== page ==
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Vida Goldstein

1869 – 1949

Vida Goldstein (1869- 1949), activist, was the daughter of energetic social reformers. Having graduated from Presbyterian Ladies College, she became a teacher and conducted a preparatory school with her sisters in St Kilda between 1892 and 1898. Introduced into the fight for women's suffrage by her mother in 1890, she joined the Prahran Women's Franchise League and the National Anti Sweating League and in 1900, broadly recognised as the spokeperson for radical women in Victoria, was appointed general secretary of the United Council for Women's Suffrage. From 1900 to 1905 she owned and wrote the paper The Woman's Sphere. When the Victorian Legislative Assembly rejected the Women's Suffrage Bill for the seventh time in February 1903 (the year after Federal suffrage), she stood for a Federal Senate seat, becoming the first woman candidate and the first woman to register a vote at that booth under the Commonwealth Franchise Act. In spite of an extraordinary 51 497 votes, she was defeated. Brought to the London Great Suffragette demonstration by the militant Women's Social and Political Union, she was introduced as 'one of the foremost leaders of the Australian women's movement . . . now helping her sisters in England to win their freedom'. In 1909 she launched her second paper, the weekly Woman Voter. Goldstein stood for parliament again in 1910, 1913, 1914 and 1917, but she never gained a seat. Throughout the war she was an passionate pacifist, becoming chairman of the Peace Alliance and forming the Women's Peace Army with Adela Pankhurst, recently arrived from England, as an organiser. After the war she took an increasing interest in international matters, advocating disarmament and the pursuit of better living standards. Goldstein summarized her attitude to politics and public life as 'In essentials unity; in non-essentials liberty; in all things charity'.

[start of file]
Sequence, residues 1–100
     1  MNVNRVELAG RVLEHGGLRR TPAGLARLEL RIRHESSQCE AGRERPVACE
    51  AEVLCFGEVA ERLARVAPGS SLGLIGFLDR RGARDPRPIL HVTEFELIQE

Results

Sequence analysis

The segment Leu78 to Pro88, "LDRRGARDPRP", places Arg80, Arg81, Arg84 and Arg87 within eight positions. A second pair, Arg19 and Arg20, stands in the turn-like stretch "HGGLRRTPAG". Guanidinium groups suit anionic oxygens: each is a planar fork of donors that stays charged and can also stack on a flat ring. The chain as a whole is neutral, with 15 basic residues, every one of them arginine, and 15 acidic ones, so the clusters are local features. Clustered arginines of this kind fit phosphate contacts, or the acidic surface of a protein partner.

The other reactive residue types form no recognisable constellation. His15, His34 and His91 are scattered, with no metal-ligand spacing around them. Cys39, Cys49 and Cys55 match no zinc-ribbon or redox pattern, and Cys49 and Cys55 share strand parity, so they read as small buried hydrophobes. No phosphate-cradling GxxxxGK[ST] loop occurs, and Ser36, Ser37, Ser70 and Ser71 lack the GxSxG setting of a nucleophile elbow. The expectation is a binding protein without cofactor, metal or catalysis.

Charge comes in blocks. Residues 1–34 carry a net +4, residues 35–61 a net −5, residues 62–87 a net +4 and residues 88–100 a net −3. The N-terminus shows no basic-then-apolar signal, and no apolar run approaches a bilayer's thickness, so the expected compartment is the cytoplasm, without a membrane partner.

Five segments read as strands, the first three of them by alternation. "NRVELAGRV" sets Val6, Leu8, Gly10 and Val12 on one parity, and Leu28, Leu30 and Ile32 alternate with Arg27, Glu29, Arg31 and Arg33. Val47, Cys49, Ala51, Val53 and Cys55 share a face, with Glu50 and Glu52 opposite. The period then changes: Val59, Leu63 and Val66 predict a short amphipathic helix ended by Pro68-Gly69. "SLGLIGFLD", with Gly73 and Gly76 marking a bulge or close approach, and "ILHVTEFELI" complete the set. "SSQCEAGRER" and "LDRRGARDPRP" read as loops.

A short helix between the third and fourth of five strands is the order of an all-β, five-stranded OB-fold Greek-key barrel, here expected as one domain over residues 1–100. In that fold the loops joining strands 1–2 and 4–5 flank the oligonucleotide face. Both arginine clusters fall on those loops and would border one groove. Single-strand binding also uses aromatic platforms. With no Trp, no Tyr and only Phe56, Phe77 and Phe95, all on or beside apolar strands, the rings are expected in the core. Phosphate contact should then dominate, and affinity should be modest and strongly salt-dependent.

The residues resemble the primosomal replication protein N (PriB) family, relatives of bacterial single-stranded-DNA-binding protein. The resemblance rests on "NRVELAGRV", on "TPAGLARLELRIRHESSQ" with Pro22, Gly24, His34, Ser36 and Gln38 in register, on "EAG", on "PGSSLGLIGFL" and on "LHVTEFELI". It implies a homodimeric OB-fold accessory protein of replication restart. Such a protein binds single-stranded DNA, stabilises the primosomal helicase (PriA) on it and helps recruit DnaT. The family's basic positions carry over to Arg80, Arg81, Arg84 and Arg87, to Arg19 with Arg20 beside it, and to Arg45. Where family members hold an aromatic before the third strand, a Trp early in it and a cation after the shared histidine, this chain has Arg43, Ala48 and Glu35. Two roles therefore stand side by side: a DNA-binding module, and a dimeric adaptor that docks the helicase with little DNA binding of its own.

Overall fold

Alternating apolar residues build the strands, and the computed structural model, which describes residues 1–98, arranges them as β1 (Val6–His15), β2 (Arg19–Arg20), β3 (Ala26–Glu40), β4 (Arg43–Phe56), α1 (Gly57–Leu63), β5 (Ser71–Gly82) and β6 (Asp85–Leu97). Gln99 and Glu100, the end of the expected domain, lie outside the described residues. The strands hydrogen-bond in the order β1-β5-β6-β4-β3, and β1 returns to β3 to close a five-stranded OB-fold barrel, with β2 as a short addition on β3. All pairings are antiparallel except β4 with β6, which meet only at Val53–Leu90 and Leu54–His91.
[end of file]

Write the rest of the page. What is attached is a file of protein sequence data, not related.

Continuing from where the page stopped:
Updated 2018